The costly mistake is being blamed on the use of E10 ethanol-blended fuel, in place of the premium unleaded (and ethanol-free) fuel recommended by FPV.
As a result of the mis-fuelling, the Falcon suffered a cracked engine block, but the total repair bill is unknown.
It’s believed the fuel was mandated for use by the NSW government as part of a push to lower emissions.
The special FPV GT joined the force in late 2012, as part of NSW Police’s 150th anniversary celebrations.
Powered by a supercharged 5.0 litre V8 engine, the police-special boosts the regular 335kW output to 400kW; a 65kW advantage over the ‘standard’ GT available to the public.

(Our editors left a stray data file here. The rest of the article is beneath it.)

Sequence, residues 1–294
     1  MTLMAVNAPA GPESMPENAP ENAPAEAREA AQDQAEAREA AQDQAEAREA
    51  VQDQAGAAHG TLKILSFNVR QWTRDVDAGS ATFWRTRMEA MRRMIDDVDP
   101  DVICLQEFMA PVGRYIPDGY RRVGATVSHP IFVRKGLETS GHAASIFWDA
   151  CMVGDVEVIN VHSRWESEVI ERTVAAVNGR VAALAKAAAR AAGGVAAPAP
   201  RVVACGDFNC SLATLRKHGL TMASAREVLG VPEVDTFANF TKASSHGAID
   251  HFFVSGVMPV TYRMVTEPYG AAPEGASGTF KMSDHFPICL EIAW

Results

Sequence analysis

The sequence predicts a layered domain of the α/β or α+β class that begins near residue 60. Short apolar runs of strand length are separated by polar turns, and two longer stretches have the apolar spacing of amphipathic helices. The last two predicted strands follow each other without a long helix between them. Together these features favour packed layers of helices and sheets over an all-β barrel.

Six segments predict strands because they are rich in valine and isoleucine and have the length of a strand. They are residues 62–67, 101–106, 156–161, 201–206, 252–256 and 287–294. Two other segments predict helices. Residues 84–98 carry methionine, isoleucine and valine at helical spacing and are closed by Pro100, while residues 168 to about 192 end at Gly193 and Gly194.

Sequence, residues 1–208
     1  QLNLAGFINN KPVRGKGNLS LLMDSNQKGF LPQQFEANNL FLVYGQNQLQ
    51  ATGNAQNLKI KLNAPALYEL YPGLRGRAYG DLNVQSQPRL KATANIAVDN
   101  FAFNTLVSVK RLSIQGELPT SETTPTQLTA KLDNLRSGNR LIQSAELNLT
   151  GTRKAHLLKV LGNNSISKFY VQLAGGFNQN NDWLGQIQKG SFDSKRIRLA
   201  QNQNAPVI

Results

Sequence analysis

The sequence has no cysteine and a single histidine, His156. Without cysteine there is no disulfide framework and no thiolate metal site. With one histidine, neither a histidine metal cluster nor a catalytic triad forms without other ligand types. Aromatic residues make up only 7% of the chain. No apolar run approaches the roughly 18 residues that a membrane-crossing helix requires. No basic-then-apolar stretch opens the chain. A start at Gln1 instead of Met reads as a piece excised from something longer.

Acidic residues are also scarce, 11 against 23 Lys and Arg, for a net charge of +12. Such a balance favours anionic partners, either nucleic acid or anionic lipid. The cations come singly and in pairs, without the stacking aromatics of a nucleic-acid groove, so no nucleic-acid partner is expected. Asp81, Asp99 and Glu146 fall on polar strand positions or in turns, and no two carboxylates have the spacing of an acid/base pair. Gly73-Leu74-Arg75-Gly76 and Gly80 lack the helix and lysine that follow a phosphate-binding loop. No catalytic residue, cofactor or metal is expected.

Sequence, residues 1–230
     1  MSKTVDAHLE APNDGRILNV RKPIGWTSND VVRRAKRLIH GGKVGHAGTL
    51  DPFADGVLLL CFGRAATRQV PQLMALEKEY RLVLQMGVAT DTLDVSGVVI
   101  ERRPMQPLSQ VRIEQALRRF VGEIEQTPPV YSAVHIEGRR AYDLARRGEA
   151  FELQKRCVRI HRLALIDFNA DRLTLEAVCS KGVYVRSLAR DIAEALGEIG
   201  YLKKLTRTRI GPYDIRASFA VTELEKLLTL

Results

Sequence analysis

The GT was the most powerful police pursuit car in NSW, but the recent addition of an Oztrack Tuning-prepared 430kW HSV GTS to the fleet has now seen the former relegated to second.
Meanwhile, Sydney-based Oztrack Tuning is threatening legal action after rumours circulated the internet of a similar engine failure striking its HSV GTS police special.
Taking to social media, the tuning outfit said, “This is absolutely not true, we have seen the NSW Police who are responsible for the car, and we know it is 100 percent fine and has been perfect.”
The FPV GT is expected to continue in its main role as a public relations display until the end of this year, before retiring to the Justice and Police Museum in Sydney.